US 2657447 A
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Nov. 3, 1953 w. L. PELLANDA, JR
EMPLACEMENT FORM Filed Aug. 25 1951 m U JZZZM Patented Nov. 3, 1953 UNITED STATES 2,657,447 TENT OFFICE 1 Claim. 1
My present invention relates to forms for concrete and more particularly to an emplacement form.
One object of the invention lies in the provision of 'a form adapted to be placed about a pipe at a point where concrete is to be set to form a space about the pipe adapted to receive parts of fixtures which are to be operably connected with the pipe and thus preclude the necessity of chiseling out a recess after the concrete is set.
Another object of the invention lies in the provision of a form which may be easily removed, after the concrete poured round about has set.
Another object of the invention lies in the provision of an emplacement form which is constructed in such a way that it may be applied without the use of tools and at any desired location along the length of a pipe.
Another object of the invention lies in the provision of an emplacement form which when applied to a pipe is supported thereby, and is not liable to accidentally shift from its position or have its shape altered by the Weight of flowing concrete.
These and other objects of the invention will be apparent during the course of the following description.
In the accompanying drawings, forming a part of this specification and in which like numerals are employed to designate like parts,
Figure 1 is an isometric view of a fragment of a concrete floor cut away to show my emplacement form about a pipe passing through the fioor;
Figure 2 is a vertical cross section taken through a pipe having my invention thereon and forming a recess in a concrete floor;
Figure 3 is an isometric view of an improved emplacement form ,modified in construction; and,
Figure 4 is an isometric view of one section of the modification of Figure 3.
Referring now more particularly to the drawings, I have shown my improved emplacement form, indicated in general by the numeral 5, as being made of laminations including rings of pasteboard 6. Preferably, the pasteboard is of the type having three sections. The upper and lower sections are of flat sheets and have a center section of corrugated paper. This type of pasteboard is common in the present pasteboard cartons. A multiplicity of the rings 6 are adheringly secured together as by glue in face to face relation and axially aligned to form a sleevelike form having a central opening I of a diameter adapting it to fit snugly about the outside face of a pipe 8 at the position longitudinally where it is desired to produce a recess as 9 in a concrete floor or wall as [0.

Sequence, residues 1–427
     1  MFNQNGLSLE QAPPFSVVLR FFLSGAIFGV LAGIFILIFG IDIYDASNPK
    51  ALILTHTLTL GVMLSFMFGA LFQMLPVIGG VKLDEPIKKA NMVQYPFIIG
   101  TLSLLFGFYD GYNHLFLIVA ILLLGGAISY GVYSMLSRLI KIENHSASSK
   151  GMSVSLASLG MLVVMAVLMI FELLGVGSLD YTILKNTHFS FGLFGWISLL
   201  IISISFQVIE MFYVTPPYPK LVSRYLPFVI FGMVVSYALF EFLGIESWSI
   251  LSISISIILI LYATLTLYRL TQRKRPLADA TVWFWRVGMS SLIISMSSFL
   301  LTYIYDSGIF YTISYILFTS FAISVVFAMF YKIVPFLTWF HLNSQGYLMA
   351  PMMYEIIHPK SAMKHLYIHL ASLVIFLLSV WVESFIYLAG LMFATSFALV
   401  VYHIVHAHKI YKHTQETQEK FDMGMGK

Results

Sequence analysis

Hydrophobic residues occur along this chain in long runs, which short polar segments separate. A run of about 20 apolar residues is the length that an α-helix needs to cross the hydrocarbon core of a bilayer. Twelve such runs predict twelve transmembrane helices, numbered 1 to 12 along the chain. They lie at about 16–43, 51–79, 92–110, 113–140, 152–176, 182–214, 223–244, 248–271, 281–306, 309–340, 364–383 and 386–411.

When the concrete fioor I is poured, it flows about the form and is thereby shaped. The moisture in the surrounding concrete mix is slowly absorbed by the pasteboard form, and by the time the concrete has set, the form is thoroughly wet and the glue or adhesive is loose permitting the form to be removed by means of a screw driver or pointed instrument. The body of the pasteboard even when wet has been found to be of sufiicient stability to hold the concrete after it is poured. However, in practice the form is kept dry until the moisture from the concrete soaks it up and this allows sufficient time for the concrete to set before the form becomes softened.
In Figures 3 and 4 I have shown a modified form of my invention which comprises a sleevelike form 5 which is made from pasteboard having only two sections. A flat sheet face is adheringly secured to a corrugated section which enables one to wrap the pasteboard about a form with the corrugation ridges extending transversely of the direction of the bend.
Instead of the multiple rings 6, I cut a strip of pasteboard of suitable width and convolve it about a form corresponding in size with the pipe it represents and upon which the form is ultimately going to be placed. A suificient number of convolutions are made, one upon the other, until the desired body thickness is formed. A suitable adhesive is applied to the adjoining faces of the strip thus forming a unitary sleeve when set. The sleeve so formed is then cut on its diameter to form two semi-circular sections llll and each section is provided with a loop [2 of wire or string positioned in encircling relation to its respective section, transversely to the circumference of the form. The sections ll--ll are placed in encircling relation to a pipe with their confronting edge faces 13 aligned to make a complete sleeve about a pipe.
When it is desired to remove this modified form after the concrete has been poured and set, it is only necessary to catch the loops with a claw hammer or other tool and pull the separate sections vertically out of the recess formed thereby.
Having thus described my invention, what I claim and desire to secure by Letters Patent is:
An emplacement form for the purpose described comprising a sleeve-like body having two semi-cylindrical sections of absorbent material adapted to encircle a pipe and having a sufiicient body stability to support poured concrete against horizontal movement toward the pipe during the setting process; companion edge faces on each section disposed in face to face relation when the sections are about the pipe and a loop of wire encircling each section transversely of the arc thereof.
WILLIAM L. PELLANDA, JR.
References Cited in the file of this patent UNITED STATES PATENTS Number Name Date Re. 10,375 Pierce Aug. 28, 1883 639,523 Chapin Dec. 19, 1899 1,481,807 Murray Jan. 29, 1924 2,508,044 Seddon May 16, 1950